I often wonder how in the lack of a life lived as a community, we as women are asking of men roles traditionally filled by other women? We expect our men to listen to us, emote with and often parent as we parent: "No! do it like this!"
One example of this is the recent trend for the man to be present at the birth of their children. A trend that is treated as good as gospel, so much so that when I became pregnant the father of my daughter and I just assumed that he would be in the room when our child was born. It was only after we spoke to our doula Liliana Lammers of our plans for our daughter’s birth that we were surprised when she advised us against Ben being in the room.
Are some traditions okay to keep?
In an email to me Liliana explained:
“…the fashion of having the father present, for the birth of the baby and the birth of the placenta is very new in the history of mankind.
If we think of the two obligatory actors during the birth process: mother-baby, and we know how easy it is to inhibit the birth process we (would) never dare to introduce the father, who (can be) anxious, stressed, nervous...in other words full of adrenaline! (Which is) highly contagious and inhibits the release of oxytocin...the hormone necessary to give birth to the baby and to the placenta. So, when very rarely a father only comes after the delivery of the placenta, I have observed that men are radiant, full of admiration for their wives, and their health in the days after the birth is not affected. This attitude, the man coming afterwards also protects the sexual life of the couple. Sexual attraction is also fed by mystery, and showing everything to the man can have a nocebo effect.”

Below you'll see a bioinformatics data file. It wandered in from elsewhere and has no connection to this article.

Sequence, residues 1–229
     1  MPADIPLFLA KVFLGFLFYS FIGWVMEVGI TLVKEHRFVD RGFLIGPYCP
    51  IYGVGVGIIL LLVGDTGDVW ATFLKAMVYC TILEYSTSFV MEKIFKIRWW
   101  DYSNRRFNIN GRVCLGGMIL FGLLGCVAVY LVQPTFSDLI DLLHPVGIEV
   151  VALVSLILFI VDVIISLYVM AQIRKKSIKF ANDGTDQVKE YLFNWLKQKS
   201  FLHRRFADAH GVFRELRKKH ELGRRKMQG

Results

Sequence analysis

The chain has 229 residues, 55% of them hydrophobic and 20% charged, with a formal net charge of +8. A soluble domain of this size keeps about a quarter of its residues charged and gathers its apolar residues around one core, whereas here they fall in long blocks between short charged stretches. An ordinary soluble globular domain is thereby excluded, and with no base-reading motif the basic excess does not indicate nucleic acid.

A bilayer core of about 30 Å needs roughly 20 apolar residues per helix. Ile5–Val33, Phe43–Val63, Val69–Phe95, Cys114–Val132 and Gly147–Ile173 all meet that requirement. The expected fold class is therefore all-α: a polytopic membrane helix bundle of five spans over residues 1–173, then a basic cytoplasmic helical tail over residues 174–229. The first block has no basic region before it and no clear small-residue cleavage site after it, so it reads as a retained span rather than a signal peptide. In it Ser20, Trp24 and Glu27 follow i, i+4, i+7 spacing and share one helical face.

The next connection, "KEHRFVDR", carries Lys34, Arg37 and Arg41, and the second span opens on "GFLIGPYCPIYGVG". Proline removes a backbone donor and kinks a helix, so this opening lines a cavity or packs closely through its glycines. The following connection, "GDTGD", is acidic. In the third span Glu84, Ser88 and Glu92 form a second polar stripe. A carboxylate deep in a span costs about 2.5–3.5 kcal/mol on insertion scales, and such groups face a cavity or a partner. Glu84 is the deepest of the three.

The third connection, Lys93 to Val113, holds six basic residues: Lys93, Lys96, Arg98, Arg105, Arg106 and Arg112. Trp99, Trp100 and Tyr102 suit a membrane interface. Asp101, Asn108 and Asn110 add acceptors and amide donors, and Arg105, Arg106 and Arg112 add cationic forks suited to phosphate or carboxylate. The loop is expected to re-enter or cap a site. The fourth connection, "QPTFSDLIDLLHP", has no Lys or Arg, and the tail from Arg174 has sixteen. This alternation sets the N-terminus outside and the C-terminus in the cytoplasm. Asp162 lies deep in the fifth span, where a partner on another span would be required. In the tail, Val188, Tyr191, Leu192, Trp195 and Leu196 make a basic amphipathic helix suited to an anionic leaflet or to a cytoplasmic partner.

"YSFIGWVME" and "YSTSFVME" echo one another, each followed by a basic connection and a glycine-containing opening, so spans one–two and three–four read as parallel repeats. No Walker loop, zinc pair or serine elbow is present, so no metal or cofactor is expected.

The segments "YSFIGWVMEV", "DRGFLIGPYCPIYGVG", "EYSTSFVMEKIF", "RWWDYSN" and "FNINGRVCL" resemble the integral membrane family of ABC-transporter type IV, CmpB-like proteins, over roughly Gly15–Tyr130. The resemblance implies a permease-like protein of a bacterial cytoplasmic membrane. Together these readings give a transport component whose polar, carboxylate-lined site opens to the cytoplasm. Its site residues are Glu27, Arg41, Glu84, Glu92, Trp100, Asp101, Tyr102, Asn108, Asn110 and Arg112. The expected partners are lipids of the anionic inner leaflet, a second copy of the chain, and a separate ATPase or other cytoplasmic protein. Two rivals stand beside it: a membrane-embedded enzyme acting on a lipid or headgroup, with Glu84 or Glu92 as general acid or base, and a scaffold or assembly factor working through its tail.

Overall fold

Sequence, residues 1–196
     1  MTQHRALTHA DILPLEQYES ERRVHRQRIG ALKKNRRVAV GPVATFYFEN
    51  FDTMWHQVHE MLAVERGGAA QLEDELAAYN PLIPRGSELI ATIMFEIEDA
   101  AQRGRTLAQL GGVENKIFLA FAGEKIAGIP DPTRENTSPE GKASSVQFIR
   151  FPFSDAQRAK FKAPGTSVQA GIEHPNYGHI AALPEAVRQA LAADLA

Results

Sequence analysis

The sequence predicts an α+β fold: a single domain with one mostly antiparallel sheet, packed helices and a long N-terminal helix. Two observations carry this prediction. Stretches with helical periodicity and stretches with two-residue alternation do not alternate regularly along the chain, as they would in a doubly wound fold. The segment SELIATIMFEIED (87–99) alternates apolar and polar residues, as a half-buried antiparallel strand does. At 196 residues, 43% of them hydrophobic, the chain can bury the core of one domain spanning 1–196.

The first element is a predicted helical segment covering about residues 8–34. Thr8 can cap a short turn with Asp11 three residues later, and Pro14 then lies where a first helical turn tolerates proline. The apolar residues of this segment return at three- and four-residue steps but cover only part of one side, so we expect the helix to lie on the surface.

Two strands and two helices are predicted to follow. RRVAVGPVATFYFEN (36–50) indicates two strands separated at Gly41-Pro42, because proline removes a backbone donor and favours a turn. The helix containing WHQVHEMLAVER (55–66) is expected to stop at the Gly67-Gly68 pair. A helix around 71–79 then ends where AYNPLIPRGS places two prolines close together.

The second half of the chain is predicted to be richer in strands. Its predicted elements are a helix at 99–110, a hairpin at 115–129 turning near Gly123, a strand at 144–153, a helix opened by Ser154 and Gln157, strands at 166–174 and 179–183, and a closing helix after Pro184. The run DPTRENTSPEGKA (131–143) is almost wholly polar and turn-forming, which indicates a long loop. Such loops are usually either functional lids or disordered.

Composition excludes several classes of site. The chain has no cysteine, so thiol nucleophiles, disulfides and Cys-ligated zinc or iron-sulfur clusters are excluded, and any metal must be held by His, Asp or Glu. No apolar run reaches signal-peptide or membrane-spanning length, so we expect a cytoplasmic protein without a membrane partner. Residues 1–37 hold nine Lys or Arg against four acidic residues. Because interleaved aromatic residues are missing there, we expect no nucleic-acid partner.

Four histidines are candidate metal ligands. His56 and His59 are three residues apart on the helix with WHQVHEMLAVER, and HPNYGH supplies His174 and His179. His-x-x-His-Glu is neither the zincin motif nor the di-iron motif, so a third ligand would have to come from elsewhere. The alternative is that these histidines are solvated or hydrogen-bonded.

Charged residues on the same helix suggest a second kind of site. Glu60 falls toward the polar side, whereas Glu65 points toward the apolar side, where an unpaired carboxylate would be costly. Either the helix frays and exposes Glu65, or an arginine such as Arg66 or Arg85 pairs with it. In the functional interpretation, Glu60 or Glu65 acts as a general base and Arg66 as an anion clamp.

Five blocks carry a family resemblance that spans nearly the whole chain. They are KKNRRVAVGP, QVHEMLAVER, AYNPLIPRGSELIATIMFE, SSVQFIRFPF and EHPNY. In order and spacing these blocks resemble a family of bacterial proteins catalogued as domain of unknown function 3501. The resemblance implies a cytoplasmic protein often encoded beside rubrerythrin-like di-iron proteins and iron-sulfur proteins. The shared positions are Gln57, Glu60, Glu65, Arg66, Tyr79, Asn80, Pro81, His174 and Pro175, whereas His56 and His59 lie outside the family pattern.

After consulting another elder in my life: my mother, we decided on Ben not being present when I gave birth. So although he would come and bring tea and give encouragement mostly it was me, Liliana and the two mid-wives we had from the NHS, who were like angels they were so brilliant. So it was us four women, in my home (finally, perhaps another story) and it was a tremendous experience. Mainly because I felt relaxed enough to really let rip. So that in the company of women I roared like an elephant and bellowed like a hippo as they offered their support and encouragement.
Crucially nothing had to be held back. I could roar, grunt and moan to my hearts delight. And it was delightful. The unabashed primalness of it all.
To be in the company of women who could support and accept it all felt liberating.